Trace-Fossil and Storm-Deposit Relationships of San Carlos Formation, West Texas
Cheryl L. Metz, Sheila P. Bednarski
Two distinct assemblages of trace fossils are preserved in the storm deposits in delta-front facies of the Upper Cretaceous San Carlos Formation, west Texas. The assemblages represent two widely differing responses to storm deposition and sediment-trace-fossil relationships, indicating that other environmental parameters, probably water depth and oxygen levels, influenced trace-fossil distribution within the San Carlos delta front. Evidence of the storm-deposited nature of the sandstones includes a scoured basal contact, planar to hummocky cross-stratification, and a upper contact that is either ripple marked or is gradational with overlying shales.
Trace-fossil assemblage 1 contains a large, previously undescribed Chondrites-like form as the dominant trace fossil. It is found only in the top of the storm sandstones. The singularity of this Chondrites-like trace fossil and the similarity of the interbedded shales with the underlying basinal to prodeltaic shales suggest that similar dysaerobic conditions existed part way up the delta front. Conversely, trace-fossil assemblage 2 contains Ophiomorpha, Thalassinoides, Planolites, Chondrites, and Trichichnus associated with the storm sandstones. Thalassinoides is also abundant in the overlying shales. Primary depositional features of the storm sandstones may be masked by bioturbation. An increase in the amount of carbonaceous material and basal shell lag associated with individual storm sandstones is evident in comparison to assemblage 1. This increase, along with diversity of enclosed trace fossils and degree of bioturbation, indicates deposition in shallower, more oxygenated waters than assemblage 1. It is inferred that sandstones of assemblage 2 were deposited in closer proximity to a distributary mouth, alleviating the dysaerobic conditions affecting assemblage 1.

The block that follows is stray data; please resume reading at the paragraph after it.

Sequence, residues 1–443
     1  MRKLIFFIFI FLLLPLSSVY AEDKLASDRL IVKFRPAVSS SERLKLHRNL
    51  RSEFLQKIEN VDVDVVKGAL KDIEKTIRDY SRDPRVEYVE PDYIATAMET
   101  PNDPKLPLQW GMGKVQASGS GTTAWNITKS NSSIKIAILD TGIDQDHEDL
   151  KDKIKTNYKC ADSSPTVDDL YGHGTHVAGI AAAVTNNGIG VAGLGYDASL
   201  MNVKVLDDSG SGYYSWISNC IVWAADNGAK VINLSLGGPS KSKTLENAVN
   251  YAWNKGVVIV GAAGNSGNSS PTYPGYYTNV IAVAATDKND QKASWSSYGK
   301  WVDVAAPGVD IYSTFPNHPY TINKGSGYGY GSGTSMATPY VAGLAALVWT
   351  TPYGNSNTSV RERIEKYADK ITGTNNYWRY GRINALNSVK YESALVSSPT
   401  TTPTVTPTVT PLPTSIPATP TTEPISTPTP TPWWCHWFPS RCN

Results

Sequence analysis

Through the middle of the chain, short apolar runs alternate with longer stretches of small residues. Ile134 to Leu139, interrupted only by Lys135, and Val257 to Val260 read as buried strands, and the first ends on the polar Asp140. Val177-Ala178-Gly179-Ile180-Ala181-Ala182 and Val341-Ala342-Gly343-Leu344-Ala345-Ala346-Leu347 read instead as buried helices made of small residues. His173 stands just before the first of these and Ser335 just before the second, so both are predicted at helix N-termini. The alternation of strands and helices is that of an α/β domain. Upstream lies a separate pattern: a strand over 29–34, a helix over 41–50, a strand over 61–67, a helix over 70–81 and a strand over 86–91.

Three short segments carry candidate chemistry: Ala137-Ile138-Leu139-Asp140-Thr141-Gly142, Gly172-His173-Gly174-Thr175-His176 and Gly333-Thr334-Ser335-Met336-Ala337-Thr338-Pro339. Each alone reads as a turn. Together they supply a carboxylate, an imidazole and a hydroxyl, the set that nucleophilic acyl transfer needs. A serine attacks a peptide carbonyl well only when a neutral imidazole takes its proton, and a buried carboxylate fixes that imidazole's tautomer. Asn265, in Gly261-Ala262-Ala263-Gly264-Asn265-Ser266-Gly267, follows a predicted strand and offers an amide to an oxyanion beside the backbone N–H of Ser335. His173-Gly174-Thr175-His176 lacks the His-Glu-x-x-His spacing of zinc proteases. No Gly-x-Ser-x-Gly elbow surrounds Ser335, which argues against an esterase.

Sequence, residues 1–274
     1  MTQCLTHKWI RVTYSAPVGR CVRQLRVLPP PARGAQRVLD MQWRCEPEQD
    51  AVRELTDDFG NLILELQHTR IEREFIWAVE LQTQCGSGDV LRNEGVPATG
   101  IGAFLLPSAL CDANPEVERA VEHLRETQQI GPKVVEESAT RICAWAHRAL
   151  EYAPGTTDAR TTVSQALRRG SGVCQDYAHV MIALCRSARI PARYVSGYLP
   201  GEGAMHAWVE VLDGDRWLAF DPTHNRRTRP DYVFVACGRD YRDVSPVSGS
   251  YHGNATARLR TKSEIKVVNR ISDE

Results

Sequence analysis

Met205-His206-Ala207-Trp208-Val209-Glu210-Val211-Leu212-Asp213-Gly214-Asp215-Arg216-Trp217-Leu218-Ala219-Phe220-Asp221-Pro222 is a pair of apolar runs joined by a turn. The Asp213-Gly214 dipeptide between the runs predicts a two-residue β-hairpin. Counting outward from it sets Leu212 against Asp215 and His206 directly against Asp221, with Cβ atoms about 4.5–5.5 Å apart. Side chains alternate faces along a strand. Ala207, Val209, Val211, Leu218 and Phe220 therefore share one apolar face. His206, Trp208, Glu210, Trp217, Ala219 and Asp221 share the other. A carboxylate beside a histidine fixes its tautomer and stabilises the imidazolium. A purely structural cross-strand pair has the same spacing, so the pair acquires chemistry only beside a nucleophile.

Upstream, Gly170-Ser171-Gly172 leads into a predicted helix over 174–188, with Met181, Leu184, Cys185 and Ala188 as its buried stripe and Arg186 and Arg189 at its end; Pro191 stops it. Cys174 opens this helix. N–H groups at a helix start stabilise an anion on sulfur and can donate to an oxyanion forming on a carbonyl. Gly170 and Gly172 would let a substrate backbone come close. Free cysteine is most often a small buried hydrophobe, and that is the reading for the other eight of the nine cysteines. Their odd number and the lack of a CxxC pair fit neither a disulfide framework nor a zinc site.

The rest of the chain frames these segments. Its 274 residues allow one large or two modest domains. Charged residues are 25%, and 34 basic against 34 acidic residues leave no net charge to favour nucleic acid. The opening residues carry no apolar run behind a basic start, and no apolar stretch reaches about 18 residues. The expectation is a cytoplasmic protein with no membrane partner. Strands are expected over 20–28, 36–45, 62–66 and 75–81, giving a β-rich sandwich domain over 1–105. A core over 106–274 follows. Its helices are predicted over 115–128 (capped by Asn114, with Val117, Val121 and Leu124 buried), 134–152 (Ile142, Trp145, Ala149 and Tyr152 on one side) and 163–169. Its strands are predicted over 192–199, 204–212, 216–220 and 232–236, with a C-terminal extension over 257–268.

AAPG Search and Discovery Article #91043©1986 AAPG Annual Convention, Atlanta, Georgia, June 15-18, 1986.